Duchess at Home: Giselle Courteau's new cookbook shares recipes and reminiscence

Giselle Courteau's new cookbook, Duchess at Home

Duchess Bake Shop chef Giselle Courteau's new cookbook Duchess at Home offers recipes and stories from her life. Larry Wong / Postmedia

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In Giselle Courteau’s family they call it “the beast.”

Big enough to feed 15 people, stuffed with meat, potatoes, onions, and that oh-so-important splash of soy sauce, the tourtière du Lac-Saint-Jean is indeed a beast of a meal. Especially when paired with fresh brioche, coleslaw, and a small dish of fruit ketchup, traditional sides for this French-Canadian classic.

“About four or five years ago I was at my son’s daycare for a potluck,” Courteau recalls while bustling around her kitchen, preparing not just the meal described above but also a delicious pear blueberry cheesecake galette for dessert as well, recipes taken from her latest cookbook, Duchess at Home, which hit bookstores on Oct. 15. “We’re all Francophones, so four of us brought tourtières. I put mine on the table, and while we were waiting in line to serve ourselves I saw another one, took a scoop, and was like, ‘oh, what is this?’ I asked the lady who made it and she was absolutely horrified by the question. She said ‘oh! that’s tourtière!’”

It was unlike any tourtière that Courteau (co-owner of the Duchess Bake Shop) had ever eaten, but she was entranced. This sent her on a bit of a research jag, tracking down the many variations to be found of the ubiquitous meat pie. Courteau also extended an invitation to her new friend to have her come over and show her how to make the dish that she found to be “the most magical thing I’ve ever eaten.”

“They’re not that hard to make, but they take a long time to bake. It’s about six to eight hours in the oven, so if you want it for lunch you have to get up quite early to put it in the oven.”

Giselle Courteau’s new cookbook Duchess at Home. Larry Wong / Postmedia

Most of the recipes in Courteau’s second cookbook fall into the category of not hard to make. Unlike her first effort, the Duchess Bake Shop Cookbook, which focused on popular pastries from her business, most of the entries in Duchess at Home are representative of what Courteau would make at home on a weekly basis. It’s also set up in a way that reflects her passions, from her garden to her Franco-Albertan heritage.

“In my daily life I’m more relaxed and easy-going, and the cookbook shows that,” she says while digging into a small slice of galette, while across the room the family cat Madeleine dozes away on the back of a favoured armchair. “I have a chapter called In My Garden, because I have a huge one in the backyard that I plant every year. I also have one called Je Me Souviens which is about some of my favourite French-Canadian recipes. Sunday Afternoon is about family time, because that’s one of the few days where I get to spend time with the kids. It’s such an important thing to me, and it feels so personal. I’m a little scared to show people the book, but at the same time I’m so excited.”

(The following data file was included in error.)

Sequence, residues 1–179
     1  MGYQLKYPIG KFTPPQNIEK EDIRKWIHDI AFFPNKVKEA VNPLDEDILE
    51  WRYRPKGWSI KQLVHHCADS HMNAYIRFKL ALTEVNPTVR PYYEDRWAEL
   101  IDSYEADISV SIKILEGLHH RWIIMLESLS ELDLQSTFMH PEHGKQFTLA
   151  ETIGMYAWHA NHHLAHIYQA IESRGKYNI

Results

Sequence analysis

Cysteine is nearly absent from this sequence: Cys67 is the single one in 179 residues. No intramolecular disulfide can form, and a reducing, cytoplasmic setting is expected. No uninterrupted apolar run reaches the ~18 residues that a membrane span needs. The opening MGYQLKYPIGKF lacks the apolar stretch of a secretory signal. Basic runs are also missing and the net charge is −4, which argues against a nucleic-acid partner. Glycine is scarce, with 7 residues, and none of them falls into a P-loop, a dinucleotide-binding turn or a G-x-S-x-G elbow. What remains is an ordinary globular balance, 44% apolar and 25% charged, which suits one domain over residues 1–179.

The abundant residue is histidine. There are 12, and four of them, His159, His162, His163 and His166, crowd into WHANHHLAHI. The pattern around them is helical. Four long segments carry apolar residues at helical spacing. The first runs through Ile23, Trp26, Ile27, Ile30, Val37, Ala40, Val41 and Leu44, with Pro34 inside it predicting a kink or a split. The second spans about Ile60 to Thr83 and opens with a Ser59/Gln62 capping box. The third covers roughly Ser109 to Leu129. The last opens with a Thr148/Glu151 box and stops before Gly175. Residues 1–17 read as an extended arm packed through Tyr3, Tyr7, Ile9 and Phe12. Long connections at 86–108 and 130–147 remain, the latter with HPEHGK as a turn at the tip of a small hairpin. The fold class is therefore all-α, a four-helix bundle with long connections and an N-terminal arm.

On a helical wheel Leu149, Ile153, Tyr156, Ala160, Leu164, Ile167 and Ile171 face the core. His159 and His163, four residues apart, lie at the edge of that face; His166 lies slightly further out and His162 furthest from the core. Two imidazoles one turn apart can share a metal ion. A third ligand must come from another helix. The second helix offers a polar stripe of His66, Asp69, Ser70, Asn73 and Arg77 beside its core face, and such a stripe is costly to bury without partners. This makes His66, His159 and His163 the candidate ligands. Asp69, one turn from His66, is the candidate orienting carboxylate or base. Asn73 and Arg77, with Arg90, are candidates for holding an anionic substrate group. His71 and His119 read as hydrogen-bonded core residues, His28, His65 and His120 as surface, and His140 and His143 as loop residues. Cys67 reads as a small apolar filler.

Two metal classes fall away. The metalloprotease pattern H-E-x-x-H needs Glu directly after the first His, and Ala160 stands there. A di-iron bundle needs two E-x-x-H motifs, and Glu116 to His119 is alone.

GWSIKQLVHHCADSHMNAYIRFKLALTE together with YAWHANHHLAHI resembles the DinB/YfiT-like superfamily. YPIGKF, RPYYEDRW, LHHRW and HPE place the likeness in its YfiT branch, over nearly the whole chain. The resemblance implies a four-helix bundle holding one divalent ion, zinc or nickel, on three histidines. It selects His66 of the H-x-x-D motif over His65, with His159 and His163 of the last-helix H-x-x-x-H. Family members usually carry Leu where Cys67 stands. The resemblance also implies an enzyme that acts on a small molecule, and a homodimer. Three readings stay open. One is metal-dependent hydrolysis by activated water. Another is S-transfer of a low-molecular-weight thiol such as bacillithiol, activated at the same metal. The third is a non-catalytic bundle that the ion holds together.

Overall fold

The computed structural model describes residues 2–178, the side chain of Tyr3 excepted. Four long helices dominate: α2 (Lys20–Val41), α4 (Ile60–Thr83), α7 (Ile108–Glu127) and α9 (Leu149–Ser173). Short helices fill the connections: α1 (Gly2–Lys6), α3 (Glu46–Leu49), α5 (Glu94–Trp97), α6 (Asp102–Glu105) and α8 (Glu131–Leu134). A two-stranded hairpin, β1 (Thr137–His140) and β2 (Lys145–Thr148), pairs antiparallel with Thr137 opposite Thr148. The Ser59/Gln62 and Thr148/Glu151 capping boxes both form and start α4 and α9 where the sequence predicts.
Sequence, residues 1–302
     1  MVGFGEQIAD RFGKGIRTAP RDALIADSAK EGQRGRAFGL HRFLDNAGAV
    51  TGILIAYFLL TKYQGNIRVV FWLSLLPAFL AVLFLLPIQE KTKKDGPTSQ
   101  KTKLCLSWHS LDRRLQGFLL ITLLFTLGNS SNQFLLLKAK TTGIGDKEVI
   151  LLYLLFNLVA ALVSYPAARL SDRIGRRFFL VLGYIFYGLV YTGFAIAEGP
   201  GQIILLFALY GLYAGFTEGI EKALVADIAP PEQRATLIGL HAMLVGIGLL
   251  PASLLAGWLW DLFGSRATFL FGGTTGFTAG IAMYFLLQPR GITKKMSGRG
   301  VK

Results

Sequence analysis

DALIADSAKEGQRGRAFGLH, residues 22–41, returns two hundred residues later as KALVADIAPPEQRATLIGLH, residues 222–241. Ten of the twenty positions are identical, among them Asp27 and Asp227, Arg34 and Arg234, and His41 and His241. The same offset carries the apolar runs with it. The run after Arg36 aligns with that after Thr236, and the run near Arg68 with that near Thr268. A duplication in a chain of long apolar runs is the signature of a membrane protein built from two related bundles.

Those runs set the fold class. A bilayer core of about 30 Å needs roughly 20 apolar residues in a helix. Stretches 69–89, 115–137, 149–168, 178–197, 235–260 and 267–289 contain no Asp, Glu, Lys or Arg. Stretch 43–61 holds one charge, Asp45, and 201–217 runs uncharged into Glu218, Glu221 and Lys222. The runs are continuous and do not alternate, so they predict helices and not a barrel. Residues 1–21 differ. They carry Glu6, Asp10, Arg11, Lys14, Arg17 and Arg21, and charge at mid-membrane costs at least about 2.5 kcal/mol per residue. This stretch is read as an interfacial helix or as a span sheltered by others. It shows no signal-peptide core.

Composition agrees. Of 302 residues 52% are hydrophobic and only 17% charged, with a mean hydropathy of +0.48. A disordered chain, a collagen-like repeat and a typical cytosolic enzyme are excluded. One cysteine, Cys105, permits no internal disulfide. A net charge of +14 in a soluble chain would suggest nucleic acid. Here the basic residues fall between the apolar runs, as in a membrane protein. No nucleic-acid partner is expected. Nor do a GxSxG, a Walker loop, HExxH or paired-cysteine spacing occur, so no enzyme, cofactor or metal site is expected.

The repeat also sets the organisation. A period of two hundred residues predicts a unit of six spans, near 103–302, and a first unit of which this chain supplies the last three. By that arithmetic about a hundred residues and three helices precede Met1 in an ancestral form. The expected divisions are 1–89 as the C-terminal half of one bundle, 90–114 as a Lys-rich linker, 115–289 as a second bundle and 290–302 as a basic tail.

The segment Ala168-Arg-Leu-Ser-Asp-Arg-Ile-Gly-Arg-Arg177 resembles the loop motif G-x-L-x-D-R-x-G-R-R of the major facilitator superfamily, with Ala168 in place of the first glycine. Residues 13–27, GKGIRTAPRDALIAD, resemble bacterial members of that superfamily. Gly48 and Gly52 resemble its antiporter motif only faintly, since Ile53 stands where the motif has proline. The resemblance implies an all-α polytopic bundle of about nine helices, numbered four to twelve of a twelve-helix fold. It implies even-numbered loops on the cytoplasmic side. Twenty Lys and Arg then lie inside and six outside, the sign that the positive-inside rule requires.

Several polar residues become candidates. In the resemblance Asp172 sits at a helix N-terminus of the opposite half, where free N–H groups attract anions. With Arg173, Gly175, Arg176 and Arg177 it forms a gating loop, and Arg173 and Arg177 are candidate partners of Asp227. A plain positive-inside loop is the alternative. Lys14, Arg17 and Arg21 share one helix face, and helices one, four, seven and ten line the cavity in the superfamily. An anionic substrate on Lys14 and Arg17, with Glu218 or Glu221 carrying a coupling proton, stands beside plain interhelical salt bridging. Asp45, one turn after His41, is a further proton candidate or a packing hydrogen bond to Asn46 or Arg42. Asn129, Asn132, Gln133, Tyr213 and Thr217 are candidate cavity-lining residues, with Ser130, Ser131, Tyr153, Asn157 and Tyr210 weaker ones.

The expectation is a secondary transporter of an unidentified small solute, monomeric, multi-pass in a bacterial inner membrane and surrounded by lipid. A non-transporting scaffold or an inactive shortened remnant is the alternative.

After personally publishing the first edition of the Duchess Bake Shop Cookbook (Penguin Random House picked up the second edition after eyeballing the high sales, and also opted to publish Duchess at Home) Courteau kept with the same crew that did her proud five years ago. Her sister Mona-Lynn Courteau acted as editor, while Sarah Hervieux once again took the reins as designer and photographer. They’re a well-oiled machine at this point, and the results are stunning; Duchess at Home is a beautifully made cookbook full of delicious recipes and wonderful reminiscence from Courteau’s life.

“It was a ton of work,” she admits with a wry smile, even as she discusses a potential third cookbook. “It takes about nine or 10 months, and we were definitely scrambling at the end. People think it’s easy to write a recipe, but before I even show it to anyone they needed to be tested 12 to 16 times. We put more blurbs in this time because that was some of the feedback we got about the first book, that people loved reading the stories. In the end I hope that they try the recipes, but if they just enjoy reading it, or getting to know me a bit more, I’ll be happy.”